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3 ve kadim dostu 1 olan sj'yi rakamla giriniz. ( 31 )

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Please briefly explain why you feel this user should be reported.

If you can’t find what you saved, there is no point to any of this.

I’m completing my taxes (US). To e-file, the IRS requires you to know last year’s adjusted gross income, which is on your tax return. Just find line 8b on last year’s return. Simple right?

Not if you are a poorly organized, paranoid hoarder who tends to hide things from themselves.

My 2019 taxes were not on either NAS. I checked the drive image from the machine I performed it on. Nothing. I searched the email address I filed it with. Nothing. I couldn’t find the PDF. I couldn’t find the .tax2019 file I know I saved. I couldn’t find any evidence, anywhere, on any of my systems that I had even done my taxes in 2019 or 2018.

Part of the problem is my propensity to over-encrypt things. If you create an encrypted file container, you can’t search the contents. Depending on how you set it up, you can barely detect it from a regular file. In fact, IIRC, the file container itself won’t even show as “modified” the date you open it.

All I remembered was that I knew I saved them in a GDrive folder, but using the web interface, I was getting nowhere. I needed a way to see the entire contents of my GDrive folder on my desktop – until this point I had never heard of Google Takeout.

Once I downloaded the contents of the folder, I started digging through what was in there, and then I found something only 2019 me would do.

I found a 200mb pptx file. I don’t think I have ever even opened a 200mb pptx file in my life. Sure enough, I plugged it into Veracrypt, opened right up, and there was all of my tax data for 2018 and 2019. AGI was right on line 8b.

If you’ve kept with me this far, the lesson here is that file organization, and definitely file encryption, is a message to your future self. If you cannot organize and access your data reliably, it really serves no purpose.

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50 Yorumları

  1. A similar thing happened to me a couple years ago. My parents buy tax software each year and my sister and I use it to do our returns. My parents had an unfortunate bout of luck and lost *THREE* laptop hard drives in a single year. Sudden catastrophic HDD failure without any of the obvious reasons (impact/water/etc.). Of course, this being my parents, they hadn’t followed their own data management scheme and there weren’t any recent backups on their external HDD *that was specifically meant for that purpose.*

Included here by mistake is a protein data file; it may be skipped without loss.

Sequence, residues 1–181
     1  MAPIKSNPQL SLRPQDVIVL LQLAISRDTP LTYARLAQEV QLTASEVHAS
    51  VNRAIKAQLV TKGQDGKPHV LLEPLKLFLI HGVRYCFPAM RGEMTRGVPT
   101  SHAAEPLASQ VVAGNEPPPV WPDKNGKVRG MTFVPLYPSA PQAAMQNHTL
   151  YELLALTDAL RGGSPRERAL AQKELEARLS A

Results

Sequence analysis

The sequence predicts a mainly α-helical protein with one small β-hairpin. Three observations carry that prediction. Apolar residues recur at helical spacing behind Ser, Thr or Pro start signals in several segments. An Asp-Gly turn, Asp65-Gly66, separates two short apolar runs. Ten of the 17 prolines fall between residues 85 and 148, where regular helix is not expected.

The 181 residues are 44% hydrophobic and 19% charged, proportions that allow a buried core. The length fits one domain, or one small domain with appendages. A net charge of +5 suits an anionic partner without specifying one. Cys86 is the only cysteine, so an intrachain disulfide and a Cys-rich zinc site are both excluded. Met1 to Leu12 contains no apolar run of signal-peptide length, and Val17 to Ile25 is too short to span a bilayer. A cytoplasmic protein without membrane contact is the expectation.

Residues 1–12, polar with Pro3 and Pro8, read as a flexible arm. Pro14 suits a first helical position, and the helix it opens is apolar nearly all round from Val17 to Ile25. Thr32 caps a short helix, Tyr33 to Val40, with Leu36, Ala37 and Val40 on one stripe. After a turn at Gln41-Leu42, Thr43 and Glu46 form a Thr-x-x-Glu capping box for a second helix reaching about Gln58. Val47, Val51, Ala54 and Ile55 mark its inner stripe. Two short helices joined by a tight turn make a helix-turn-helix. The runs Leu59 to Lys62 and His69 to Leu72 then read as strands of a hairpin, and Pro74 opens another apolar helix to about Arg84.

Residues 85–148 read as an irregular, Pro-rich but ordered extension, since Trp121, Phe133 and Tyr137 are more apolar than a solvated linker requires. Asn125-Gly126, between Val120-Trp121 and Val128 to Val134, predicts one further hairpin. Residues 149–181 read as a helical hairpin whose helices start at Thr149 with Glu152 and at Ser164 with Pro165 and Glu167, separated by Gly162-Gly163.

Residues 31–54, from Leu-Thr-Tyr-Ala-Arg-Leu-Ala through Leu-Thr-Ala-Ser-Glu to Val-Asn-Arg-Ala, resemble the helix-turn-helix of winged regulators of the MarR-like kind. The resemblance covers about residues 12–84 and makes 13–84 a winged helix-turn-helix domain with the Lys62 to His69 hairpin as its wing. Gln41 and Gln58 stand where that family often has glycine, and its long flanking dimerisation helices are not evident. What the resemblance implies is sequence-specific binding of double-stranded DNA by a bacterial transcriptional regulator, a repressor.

We lost the tax files and had to order transcripts from the IRS. Following that incident, I have redundant copies of EVERYTHING on my own NAS.

  2. One of the only usable and legible post on this sub, others are just people showing their hard disks

  3. I have 5 or so “original” passwords. My encrypted file names end in the password like Finance-45 means that you use passwords 4 and 5 to open the file.

    My passwords all have the same pattern of letters and numbers, but they’re random, and I got the first one 20 years ago, so they’re all memorized. I also wrote them down and put them in a book that I told my family about.

    If someone has the 5 original passwords then they can open the files, which is probably what I want anyway.

    My system is kind of broken currently because of reasons but I plan to restore it over the years again. I want people to open the files if I’m unable. But I don’t provide one key for things nobody needs to see.

  4. Shout-out to [Recoll](https://www.lesbonscomptes.com/recoll/). Powerful search engine for your local data.

    Wouldn’t have helped here since the encryption layer would have hidden it, but I’ve been using it for a while and LOVE it!!

    (From their site, “Recoll will index an MS-Word document stored as an attachment to an e-mail message inside a Thunderbird folder archived in a Zip file (and more…). It will also help you search for it with a friendly and powerful interface, and let you open a copy of a PDF at the right page with two clicks. There is little that will remain hidden on your disk.”)

    I’m running it in a container that read-only mounts the shares I want indexed.

  5. For me the same problem, I have is much stuff in so many drives, I just install everything to find stuff.

  6. I lost 160 bitcoins to drive encryption. Forgot the password. Since then I’ve realized I don’t store anything worth encrypting other than my work laptop and it’s backup. No more drive or disk image encryption for me.